Mental Health Support Cards for Witnesses to Traumatic Events

Living Magazines police officers

Members of the public in Hertfordshire who have witnessed – but are not directly involved in – a traumatic event will be given a mental health signpost support card by police officers.

Intervention Inspector Adam Clark came up with the idea after he recognised a gap in the support and guidance available for bystanders to a distressing incident.

The double-sided card – designed in collaboration with the Mental Health in Policing team and the NHS – directs people to the Hertfordshire Partnership University NHS Foundation Trust’s (HPFT) Improving Access to Psychological Therapies (IAPT) service, the online portal for mental health services in Hertfordshire.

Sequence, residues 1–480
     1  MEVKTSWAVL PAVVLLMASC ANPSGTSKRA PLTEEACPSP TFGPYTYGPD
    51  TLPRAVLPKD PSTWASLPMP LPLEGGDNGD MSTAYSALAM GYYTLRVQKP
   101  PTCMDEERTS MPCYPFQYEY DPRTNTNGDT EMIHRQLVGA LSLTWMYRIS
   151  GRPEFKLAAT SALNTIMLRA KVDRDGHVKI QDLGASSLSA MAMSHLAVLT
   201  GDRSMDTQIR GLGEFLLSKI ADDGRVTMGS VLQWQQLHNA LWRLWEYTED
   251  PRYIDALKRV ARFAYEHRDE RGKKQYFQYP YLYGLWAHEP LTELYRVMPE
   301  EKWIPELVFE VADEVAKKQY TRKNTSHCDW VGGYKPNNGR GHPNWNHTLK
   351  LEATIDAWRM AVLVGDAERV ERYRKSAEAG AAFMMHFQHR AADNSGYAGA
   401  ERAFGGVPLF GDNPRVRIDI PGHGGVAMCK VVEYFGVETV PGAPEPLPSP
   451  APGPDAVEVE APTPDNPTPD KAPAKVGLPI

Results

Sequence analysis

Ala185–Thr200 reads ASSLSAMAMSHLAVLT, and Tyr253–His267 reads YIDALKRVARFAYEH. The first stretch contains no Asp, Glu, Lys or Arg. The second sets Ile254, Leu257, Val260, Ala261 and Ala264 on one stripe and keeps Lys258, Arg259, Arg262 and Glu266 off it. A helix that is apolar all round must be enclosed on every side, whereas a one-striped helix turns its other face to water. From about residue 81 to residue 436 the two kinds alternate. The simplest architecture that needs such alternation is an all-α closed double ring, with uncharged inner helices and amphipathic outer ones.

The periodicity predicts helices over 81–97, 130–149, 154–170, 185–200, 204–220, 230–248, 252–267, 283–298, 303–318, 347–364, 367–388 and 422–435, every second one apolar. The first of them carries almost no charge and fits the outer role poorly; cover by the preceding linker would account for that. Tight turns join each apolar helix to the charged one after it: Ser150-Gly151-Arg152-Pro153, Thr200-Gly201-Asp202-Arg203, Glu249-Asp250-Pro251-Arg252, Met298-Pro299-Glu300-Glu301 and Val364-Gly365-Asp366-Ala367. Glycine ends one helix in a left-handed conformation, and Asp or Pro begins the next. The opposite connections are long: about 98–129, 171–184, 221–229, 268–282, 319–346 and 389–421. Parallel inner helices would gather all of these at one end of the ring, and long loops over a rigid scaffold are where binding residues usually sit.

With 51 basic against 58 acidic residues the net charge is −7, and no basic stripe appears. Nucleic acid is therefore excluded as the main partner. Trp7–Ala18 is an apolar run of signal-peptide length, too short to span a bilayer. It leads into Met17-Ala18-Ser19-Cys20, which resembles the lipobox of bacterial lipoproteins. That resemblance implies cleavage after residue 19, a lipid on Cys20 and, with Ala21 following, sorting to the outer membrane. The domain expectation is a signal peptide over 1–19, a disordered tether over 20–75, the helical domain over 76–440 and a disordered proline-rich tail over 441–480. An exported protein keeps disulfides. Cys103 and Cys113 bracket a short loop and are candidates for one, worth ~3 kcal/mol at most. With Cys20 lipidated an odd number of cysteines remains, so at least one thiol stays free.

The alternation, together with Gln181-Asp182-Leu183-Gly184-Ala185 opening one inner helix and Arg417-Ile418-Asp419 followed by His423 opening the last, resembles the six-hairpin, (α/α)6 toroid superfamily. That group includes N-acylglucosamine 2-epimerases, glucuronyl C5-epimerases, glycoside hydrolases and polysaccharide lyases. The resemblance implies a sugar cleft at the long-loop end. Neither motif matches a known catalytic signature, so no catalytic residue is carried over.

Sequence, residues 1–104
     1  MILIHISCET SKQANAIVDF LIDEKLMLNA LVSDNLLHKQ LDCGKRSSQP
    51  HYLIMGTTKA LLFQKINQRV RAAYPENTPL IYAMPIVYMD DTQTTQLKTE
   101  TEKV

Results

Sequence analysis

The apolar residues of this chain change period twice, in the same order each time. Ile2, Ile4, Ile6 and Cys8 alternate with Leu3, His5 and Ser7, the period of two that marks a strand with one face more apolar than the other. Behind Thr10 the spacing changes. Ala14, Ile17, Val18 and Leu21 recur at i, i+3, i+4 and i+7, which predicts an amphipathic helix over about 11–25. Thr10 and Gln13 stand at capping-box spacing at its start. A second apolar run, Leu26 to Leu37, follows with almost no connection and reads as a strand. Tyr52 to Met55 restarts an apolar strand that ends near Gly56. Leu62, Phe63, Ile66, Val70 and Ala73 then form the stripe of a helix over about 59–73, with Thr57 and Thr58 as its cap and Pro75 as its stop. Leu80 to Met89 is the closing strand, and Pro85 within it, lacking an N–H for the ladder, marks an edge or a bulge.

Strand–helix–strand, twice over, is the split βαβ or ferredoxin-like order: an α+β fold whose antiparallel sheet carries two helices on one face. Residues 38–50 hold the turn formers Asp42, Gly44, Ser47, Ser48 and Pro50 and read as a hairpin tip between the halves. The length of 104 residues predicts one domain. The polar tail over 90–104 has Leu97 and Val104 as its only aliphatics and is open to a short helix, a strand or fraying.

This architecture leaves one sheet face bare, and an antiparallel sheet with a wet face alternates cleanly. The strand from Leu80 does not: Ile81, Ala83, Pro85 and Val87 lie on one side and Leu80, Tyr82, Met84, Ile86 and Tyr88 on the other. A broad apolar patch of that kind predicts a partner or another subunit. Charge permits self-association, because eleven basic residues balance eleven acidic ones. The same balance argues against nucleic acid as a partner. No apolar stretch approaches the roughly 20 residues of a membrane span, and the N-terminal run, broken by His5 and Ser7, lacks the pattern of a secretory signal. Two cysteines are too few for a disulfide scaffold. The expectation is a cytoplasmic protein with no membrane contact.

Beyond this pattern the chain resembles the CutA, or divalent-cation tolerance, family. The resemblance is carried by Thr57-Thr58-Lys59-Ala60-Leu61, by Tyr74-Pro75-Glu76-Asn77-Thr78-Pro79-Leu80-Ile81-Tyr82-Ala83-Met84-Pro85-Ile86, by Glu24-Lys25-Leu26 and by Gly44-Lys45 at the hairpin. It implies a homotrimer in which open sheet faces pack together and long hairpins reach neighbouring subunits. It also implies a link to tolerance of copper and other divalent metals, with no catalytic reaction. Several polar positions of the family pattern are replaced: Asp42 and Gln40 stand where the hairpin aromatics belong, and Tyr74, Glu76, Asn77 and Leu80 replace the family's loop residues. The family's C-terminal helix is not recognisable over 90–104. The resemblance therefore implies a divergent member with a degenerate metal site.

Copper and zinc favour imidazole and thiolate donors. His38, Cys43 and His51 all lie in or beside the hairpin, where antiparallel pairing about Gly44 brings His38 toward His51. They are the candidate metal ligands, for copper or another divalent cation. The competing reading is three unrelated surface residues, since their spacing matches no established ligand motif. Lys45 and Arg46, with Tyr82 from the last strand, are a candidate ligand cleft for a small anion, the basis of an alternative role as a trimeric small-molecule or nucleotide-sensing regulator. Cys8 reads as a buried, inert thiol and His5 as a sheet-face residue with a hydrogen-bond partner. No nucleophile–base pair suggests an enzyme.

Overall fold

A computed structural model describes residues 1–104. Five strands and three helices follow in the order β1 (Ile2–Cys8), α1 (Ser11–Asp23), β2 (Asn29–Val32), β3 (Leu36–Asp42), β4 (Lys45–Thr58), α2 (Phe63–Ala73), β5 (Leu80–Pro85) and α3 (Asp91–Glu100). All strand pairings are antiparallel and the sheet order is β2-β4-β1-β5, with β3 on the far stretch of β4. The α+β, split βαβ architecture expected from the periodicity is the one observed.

The portal provides access to a wide range of confidential talking therapy treatments and practical support for adults with common mental health problems, as well as self-help resources and where to go when experiencing a mental health crisis.

He said: ‘The idea for the cards came about when I was a sergeant in Dacorum after I dealt with a harrowing incident on the A41 just outside Tring, when a vulnerable young woman attempted suicide by falling from the bridge over the carriageway. She survived, but a lot of motorists saw what happened.

‘One lady was so traumatised by what she had witnessed that she hid in undergrowth beside the dual carriageway, and I ended up taking her home to her family to ensure she was okay. However, I did not know where to signpost her for additional help to address the trauma and felt there was more that could be done.’

He added: ‘These new cards will help us deliver an improved service to members of the public working closely with health colleagues.’

Victims and witnesses of crime will be offered a referral to Beacon, commissioned by the Office of the Police and Crime Commissioner for Hertfordshire to support victims of crime in the county.